Salvia miltiorrhiza: A Natural Remedy for Angina and Other Cardiovascular Ailments

We live in a country where cardiovascular disease is the chief cause of death and disability in the United States. Yet, most people live in fear of getting cancer and a host of age-related diseases. But there’s plenty you can do to lower your risk of succumbing to the perils of modern life…in addition to exercising regularly, eating a whole foods, low-carb diet, managing stress, and taking vitamin and mineral supplements.

Researchers around the world are continually discovering how plant extracts counteract disease and chronic health conditions.

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The traditional Chinese remedy Salvia miltiorrhiza, also known as “danshen”, is one such plant that is attracting attention in the West as an overall excellent support for cardiovascular health. It contains several unique phytochemicals (tanshinoates and salvianolic acids) with cardioprotective and antioxidant properties, and has been widely used in Chinese medicine for numerous cardiovascular disorders.

In fact, according to one report, Salvia has “revolutionized the management of angina, heart attack and stroke in Chinese society.”1 The majority of research on Salvia has been on its heart protective properties, especially in cases of angina (a condition where inadequate oxygen is available to the heart muscle itself), heart attack and stroke.

Salvia dilates arteries and blood vessels, increasing blood flow. This is very significant, because strokes and heart attacks are caused by blood platelets that aggregate and form clots. A heart attack occurs when one of the coronary arteries becomes severely or totally blocked, usually by a blood clot.

Most strokes are caused by an abrupt blockage of arteries leading to the brain (ischemic stroke). Other strokes are caused by bleeding into brain tissue when a blood vessel bursts (hemorrhagic stroke). Studies indicate that Salvia actually dilates the coronary arteries and peripheral blood vessels, reducing excessive platelet aggregation.2 This, in turn, increases blood flow, reducing risk of heart attack and stroke.

Scavenges free radicals

At the People’s Hospital of Yichun District, Jiangxi, China, 24 patients with coronary heart disease (CHD) were treated with Salvia and tested for changes in serum lipid peroxide (LPO), and superoxide dismutase (SOD).

Lipid peroxides are the products of the chemical damage done by free radicals to the lipid components of cell membranes. This oxidative damage is believed to be a basic mechanism underlying many diseases, chronic health problems, and even aging, and may rear its ugly head in the forms of cancer, rheumatic diseases, allergic inflammation, or cardiovascular disease, to name a few. High LPO levels indicates excessive oxygen free radical lipid peroxidation…and a greater potential for disease and health problems.

The test results of the Chinese patients’ SOD and LPO levels were compared to those of a control group of 20 healthy patients. Before treatment with Salvia, the serum LPO levels of the ill patients were significantly higher in comparison to the levels of the control group, and their SOD levels were lower. After the patients received Salvia, their LPO levels decreased and SOD activity increased significantly.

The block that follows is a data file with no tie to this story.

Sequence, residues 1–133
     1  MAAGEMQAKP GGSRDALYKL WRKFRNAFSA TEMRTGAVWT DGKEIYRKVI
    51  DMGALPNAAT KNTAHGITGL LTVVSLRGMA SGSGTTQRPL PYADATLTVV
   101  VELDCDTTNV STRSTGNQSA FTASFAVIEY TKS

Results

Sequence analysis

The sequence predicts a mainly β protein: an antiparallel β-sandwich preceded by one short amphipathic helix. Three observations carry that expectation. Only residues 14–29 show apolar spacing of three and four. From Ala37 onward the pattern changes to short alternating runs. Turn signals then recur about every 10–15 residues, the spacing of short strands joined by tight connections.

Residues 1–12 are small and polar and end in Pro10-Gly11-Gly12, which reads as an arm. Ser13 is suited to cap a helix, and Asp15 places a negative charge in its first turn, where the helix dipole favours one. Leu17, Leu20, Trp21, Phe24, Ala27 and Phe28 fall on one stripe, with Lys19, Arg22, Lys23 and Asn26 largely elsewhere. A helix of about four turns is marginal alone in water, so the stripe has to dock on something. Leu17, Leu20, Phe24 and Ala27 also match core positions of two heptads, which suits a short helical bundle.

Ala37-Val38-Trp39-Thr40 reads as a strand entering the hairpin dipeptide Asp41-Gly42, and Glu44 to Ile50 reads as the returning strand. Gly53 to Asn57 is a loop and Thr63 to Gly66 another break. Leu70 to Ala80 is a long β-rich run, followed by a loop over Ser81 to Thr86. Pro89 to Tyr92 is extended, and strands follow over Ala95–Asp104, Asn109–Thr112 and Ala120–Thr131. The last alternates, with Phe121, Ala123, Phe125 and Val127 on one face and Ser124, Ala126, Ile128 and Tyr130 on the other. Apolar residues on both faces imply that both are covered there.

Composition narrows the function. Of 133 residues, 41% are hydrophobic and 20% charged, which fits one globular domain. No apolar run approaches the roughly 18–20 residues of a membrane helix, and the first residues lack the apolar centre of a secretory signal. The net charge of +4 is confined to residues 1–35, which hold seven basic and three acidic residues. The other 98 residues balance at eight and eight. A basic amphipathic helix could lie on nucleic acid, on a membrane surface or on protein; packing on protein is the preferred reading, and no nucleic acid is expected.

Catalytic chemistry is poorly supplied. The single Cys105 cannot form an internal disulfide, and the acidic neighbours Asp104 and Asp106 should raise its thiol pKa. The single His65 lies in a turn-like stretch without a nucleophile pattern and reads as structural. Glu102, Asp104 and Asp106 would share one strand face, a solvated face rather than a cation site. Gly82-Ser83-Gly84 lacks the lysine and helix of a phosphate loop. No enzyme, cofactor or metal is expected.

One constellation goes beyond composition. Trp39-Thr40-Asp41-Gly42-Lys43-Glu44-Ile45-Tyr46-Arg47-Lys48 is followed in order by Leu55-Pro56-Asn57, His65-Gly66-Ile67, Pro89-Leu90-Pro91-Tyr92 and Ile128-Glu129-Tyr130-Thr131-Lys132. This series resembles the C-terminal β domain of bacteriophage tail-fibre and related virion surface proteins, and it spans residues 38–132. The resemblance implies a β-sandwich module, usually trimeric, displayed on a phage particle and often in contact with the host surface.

The researchers concluded that the Salvia inhibited platelet aggregation, reduced blood viscosity, and improved myocardial ischemia (insufficient blood flow to the heart). They also suggested that Salvia is an excellent antioxidant.3 Another study done at the Nanjing Steelworks Hospital, China found similar results. Thirty patients with chronic cardiopulmonary disease who were treated with Salvia showed a decrease in LPO, along with a significant increase in SOD and two other antioxidant enzymes, catalase (CAT) and glutathione peroxidase (GDH-Px).4

Reduces blood viscosity, cholesterol and lipoproteins

In another Chinese study, pregnant patients with hypertension were treated for 10 days with an intravenous solution containing Salvia. They all had an indisputable reduction of blood viscosity, cholesterol and lipoproteins5 (compounds of protein that carry fats and fat-like substances, such as cholesterol, in the blood)-significant factors that contribute to cardiovascular disease.

Is a potential remedy for angina

An in-vitro study at the Yamanashi Medical University, Japan found that a Salvia preparation was comparable to a typical calcium channel blocker, Verapamil, in its effect to increase coronary blood flow. Since angina, or chest pain, occurs when blood flow to the heart is restricted, the researchers concluded that Salvia has potential for use with patients who suffer from angina.6

Salvia also:

  • Contains potent antioxidants that prevent the oxidation of LDL cholesterol7
  • Promotes the production of nitric oxide-an important promoter of blood flow8
  • Protects the hearts of patients with cardiovascular disease from damage during surgery9